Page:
It's not clear what causes ovarian cancer. In general, cancer begins when a genetic mutation turns normal cells into abnormal cancer cells. Cancer cells quickly multiply, forming a mass (tumor). They can invade nearby tissues and break off from an initial tumor to spread elsewhere in the body (metastasize). Certain factors may increase your risk of ovarian cancer:
- Age. Ovarian cancer can occur at any age but is most common in women ages 50 to 60 years.
- Inherited gene mutation. A small percentage of ovarian cancers are caused by an inherited gene mutation. The genes known to increase the risk of ovarian cancer are called breast cancer gene 1 (BRCA1) and breast cancer gene 2 (BRCA2). These genes were originally identified in families with multiple cases of breast cancer, which is how they got their names, but women with these mutations also have a significantly increased risk of ovarian cancer. The gene mutations that cause Lynch syndrome, which is associated with colon cancer, also increase a woman's risk of ovarian cancer. If you have a genetic predisposition to ovarian cancer, your doctor may recommend regular pelvic imaging and blood tests to screen for the disease. Women with an increased risk of ovarian cancer may consider surgery to lessen the risk.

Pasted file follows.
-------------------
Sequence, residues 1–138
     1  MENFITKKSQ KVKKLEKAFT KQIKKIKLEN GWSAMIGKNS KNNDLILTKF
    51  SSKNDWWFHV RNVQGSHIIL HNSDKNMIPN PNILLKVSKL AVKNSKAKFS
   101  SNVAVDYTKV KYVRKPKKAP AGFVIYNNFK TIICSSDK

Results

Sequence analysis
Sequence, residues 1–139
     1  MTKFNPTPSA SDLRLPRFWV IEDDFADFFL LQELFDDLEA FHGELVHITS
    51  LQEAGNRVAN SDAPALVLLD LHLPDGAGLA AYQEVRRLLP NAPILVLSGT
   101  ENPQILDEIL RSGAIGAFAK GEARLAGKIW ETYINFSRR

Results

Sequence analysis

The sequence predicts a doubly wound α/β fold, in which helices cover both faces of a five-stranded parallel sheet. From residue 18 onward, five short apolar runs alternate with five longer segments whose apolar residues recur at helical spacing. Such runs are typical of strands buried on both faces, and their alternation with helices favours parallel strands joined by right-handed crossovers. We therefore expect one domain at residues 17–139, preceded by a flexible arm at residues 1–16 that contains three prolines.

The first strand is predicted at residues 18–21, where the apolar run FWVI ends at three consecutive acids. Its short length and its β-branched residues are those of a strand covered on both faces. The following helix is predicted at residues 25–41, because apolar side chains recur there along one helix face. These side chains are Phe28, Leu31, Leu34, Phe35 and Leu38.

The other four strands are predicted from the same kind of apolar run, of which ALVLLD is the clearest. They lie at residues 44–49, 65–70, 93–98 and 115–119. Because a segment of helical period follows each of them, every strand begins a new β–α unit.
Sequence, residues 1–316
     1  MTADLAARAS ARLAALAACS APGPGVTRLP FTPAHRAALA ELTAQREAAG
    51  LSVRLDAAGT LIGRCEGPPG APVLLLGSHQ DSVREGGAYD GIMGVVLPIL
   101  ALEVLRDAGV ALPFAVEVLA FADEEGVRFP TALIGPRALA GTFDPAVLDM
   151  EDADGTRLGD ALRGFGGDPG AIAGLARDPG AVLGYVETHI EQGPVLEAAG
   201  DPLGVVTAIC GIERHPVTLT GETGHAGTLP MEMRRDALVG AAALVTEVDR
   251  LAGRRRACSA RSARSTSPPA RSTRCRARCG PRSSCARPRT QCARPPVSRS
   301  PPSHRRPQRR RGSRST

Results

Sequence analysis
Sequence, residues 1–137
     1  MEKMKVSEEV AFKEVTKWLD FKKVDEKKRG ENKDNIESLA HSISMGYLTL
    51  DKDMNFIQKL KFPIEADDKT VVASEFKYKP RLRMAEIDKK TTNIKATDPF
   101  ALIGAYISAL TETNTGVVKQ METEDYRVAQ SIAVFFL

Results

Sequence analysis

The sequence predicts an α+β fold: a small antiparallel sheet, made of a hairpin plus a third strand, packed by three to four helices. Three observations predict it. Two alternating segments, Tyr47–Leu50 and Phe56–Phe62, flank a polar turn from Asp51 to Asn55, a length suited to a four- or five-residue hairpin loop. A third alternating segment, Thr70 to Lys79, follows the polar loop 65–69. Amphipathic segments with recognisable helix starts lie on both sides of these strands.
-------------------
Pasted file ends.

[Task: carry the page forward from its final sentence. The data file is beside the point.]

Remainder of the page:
- Estrogen hormone replacement therapy, especially with long-term use and in large doses.
- Never being pregnant.
- Fertility treatment.
- Use of an intrauterine device.
- Polycystic ovary syndrome.